Hundreds of Colombians have fled Venezuela since last week, amid an escalating border crisis between the two countries. Last week, Venezuelan President Nicolas Maduro ordered the closure of a key border crossing after smugglers injured three Venezuelan soldiers and a civilian. The president also ordered the deportation of Colombians who are in Venezuela illegally. Zlatica Hoke reports.
Video

Video Is China's Economic Data Accurate?

Some investors say China's wild stock market gyrations have been made worse by worries about the reliability of that nation's economic data. And some critics say the reports can mislead investors by painting an unrealistically-strong picture of the economy. A key China scholar says Beijing is not fudging ((manipulating)) the numbers, but that the economy is evolving quickly from smoke-stack industries to services, and the ways of tracking new economic activity are falling behind the change. V
Video

Video Next to Iran, Climate at Forefront of Obama Agenda

President Barack Obama this week announced new initiatives aimed at making it easier for Americans to access renewable energy sources such as solar and wind. Obama is not slowing down when it comes to pushing through climate change measures, an issue he says is the greatest threat to the country’s national security. VOA correspondent Aru Pande has more from the White House.
Video

Video Shipping Containers Provide Experimental Housing

Housing prices around the San Francisco Bay area are out of reach for many people, so some young entrepreneurs, artists and tech industry workers are creating their own houses using converted shipping containers. But as VOA's Mike O’Sullivan reports from Oakland, the effort requires ingenuity and dealing with restrictive local laws.
Video

Video Arctic Draws International Competition for Oil

A new geopolitical “Great Game” is underway in earth’s northernmost region, the Arctic, where Russia has claimed a large area for resource development and President Barack Obama recently approved Shell Oil Company’s test-drilling project in an area under U.S. control. Greg Flakus reports.
Video

Video Philippine Maritime Police: Chinese Fishermen a Threat to Country’s Security

China and the Philippines both claim maritime rights in the South China Sea.  That includes the right to fish in those waters. Jason Strother reports on how the Philippines is catching Chinese nationals it says are illegal poachers. He has the story from Palawan province.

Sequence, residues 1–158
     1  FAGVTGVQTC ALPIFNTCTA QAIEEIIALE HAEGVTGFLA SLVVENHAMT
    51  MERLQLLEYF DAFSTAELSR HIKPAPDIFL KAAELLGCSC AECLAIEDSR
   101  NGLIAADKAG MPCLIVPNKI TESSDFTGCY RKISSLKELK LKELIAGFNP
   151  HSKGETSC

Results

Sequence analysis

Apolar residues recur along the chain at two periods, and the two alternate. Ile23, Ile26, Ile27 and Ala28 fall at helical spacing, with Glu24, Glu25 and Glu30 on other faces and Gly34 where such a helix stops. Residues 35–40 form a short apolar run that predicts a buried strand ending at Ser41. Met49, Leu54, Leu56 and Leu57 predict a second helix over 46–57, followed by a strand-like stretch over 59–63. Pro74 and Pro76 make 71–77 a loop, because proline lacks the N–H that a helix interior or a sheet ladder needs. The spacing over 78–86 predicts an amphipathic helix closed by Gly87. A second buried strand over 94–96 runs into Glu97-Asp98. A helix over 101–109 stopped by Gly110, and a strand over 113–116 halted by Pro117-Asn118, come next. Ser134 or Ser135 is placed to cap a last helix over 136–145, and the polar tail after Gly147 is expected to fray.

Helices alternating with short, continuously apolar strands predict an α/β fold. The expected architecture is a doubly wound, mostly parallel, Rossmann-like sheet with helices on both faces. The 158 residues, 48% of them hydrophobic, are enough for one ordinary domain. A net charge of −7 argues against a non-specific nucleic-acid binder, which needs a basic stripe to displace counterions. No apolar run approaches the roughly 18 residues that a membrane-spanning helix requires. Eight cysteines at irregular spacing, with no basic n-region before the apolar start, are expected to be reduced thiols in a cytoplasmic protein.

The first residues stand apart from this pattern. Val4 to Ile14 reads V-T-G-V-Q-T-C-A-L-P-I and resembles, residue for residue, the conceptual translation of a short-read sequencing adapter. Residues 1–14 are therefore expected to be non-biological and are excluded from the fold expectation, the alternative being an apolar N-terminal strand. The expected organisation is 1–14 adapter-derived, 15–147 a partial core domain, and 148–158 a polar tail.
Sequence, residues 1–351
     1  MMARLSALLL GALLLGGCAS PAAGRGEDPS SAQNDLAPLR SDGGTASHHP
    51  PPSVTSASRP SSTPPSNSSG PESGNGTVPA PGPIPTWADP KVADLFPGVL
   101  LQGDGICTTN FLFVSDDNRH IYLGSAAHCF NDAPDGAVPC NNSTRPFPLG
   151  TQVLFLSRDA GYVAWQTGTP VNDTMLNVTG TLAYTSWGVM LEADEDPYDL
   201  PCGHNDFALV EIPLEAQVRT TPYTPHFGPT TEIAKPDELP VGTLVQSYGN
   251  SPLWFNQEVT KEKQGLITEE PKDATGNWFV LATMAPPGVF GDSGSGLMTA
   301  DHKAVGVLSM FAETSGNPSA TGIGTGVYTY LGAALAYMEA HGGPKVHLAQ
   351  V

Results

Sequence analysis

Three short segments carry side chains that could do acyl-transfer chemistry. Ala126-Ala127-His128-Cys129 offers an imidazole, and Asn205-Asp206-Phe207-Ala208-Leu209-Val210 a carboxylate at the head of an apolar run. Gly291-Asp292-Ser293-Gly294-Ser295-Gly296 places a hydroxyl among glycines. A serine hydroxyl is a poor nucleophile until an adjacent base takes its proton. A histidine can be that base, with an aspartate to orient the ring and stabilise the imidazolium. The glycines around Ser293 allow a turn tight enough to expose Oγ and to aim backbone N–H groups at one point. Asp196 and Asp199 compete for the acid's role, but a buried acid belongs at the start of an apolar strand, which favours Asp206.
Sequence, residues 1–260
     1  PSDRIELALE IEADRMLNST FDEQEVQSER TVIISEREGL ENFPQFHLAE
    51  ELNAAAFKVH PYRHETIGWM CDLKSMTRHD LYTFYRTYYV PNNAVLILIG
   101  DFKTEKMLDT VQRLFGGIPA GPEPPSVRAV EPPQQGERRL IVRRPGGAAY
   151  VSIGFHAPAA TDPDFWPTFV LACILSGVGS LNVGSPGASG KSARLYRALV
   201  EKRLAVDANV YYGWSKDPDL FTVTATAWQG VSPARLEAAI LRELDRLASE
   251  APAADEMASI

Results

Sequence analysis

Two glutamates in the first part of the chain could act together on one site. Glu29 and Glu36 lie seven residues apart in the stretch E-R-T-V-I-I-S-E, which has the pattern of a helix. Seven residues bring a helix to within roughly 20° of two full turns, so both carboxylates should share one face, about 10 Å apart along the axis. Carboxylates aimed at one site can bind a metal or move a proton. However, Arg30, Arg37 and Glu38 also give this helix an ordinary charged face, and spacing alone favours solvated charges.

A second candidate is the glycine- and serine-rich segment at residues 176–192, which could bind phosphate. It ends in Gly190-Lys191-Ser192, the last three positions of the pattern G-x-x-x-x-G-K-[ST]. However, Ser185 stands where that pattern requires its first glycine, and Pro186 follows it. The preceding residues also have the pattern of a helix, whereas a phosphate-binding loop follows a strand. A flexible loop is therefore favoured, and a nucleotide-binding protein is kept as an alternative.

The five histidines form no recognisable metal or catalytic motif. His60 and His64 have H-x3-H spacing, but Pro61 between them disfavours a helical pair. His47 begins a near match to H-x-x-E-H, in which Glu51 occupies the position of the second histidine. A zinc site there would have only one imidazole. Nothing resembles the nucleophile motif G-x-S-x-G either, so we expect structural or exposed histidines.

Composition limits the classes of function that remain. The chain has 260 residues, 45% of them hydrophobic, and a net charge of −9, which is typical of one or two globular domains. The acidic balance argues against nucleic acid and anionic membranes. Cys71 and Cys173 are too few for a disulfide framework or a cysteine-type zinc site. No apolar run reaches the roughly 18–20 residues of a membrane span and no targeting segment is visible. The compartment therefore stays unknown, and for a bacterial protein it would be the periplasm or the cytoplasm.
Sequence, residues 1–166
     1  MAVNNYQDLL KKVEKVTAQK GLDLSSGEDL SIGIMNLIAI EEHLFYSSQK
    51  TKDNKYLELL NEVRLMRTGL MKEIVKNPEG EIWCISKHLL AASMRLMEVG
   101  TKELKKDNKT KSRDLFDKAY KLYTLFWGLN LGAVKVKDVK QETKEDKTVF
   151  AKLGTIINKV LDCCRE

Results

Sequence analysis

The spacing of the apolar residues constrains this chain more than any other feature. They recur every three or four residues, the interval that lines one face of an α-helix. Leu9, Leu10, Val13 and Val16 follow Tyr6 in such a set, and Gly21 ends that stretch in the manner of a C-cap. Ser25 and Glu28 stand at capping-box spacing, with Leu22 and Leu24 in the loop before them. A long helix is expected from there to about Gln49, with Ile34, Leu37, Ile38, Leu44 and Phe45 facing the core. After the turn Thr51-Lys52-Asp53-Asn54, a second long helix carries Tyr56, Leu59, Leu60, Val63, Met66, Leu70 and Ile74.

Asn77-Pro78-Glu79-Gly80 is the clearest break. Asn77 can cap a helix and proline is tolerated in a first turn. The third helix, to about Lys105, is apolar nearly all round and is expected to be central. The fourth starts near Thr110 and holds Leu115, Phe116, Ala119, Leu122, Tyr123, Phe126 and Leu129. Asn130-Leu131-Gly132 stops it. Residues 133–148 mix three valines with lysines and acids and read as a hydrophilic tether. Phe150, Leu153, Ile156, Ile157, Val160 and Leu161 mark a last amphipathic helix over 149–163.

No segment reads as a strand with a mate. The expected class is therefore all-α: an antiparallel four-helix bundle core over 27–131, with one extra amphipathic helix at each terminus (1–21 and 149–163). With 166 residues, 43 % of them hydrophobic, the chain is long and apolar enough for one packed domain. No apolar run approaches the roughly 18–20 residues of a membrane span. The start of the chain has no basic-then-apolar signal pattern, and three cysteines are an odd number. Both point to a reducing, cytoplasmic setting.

Video

Video Technique May Eliminate Drill-and-Fill Dental Care

Many people dread visiting dentists because they're afraid of drills. Now, however, a technology developed by a British firm promises to eliminate the need for mechanical cleaning of dental cavities by speeding a natural process of tooth repair. VOA’s George Putic reports.
Video

Video China's Spratly Island Building Said to Light Up the Night 'Like A City'

Southeast Asian countries claim China has illegally seized territory in the Spratly islands. It is especially a concern for a Philippine mayor who says Beijing is occupying parts of his municipality. Jason Strother reports from the capital of Palawan province, Puerto Princesa.
Video

Video Ages-old Ice Reveals Secrets of Climate Change

Ice caps don't just exist at the world's poles. There are also tropical ice caps, and the largest sits atop the Peruvian Andes - but it is melting, quickly, and may be gone within the next 20 years. George Putic reports scientists are now rushing to take samples to get at the valuable information about climate change locked in the ice.
Video

Video French Experiment in Integrating Roma Under Threat

Plans to destroy France’s oldest slum have sparked an outcry on the part of its Roma residents. As Lisa Bryant reports from the Paris suburb of La Courneuve, rights groups argue the community is a fledgling experiment on integrating Roma who are often outcasts in many parts of Europe.
Video

Video Kenyans Turn to Agriculture for Business

Each year Kenyan universities continue to churn out graduates for the job market despite the already existing high rate of unemployment among youth in the country. Some of these young men and women have realized that agriculture can be as rewarding as any other business or job, and they are resorting to agribusiness in large numbers as a way of tackling unemployment. Rael Ombuor reports for VOA.
Video

Video First Women Graduate Elite Army Ranger School

Two women are making history for the U.S. Army by proving they are among the toughest of the tough. VOA's Carla Babb reports from Fort Benning, Georgia as 94 men and those two women rise as graduates of the difficult Ranger school.

VOA Blogs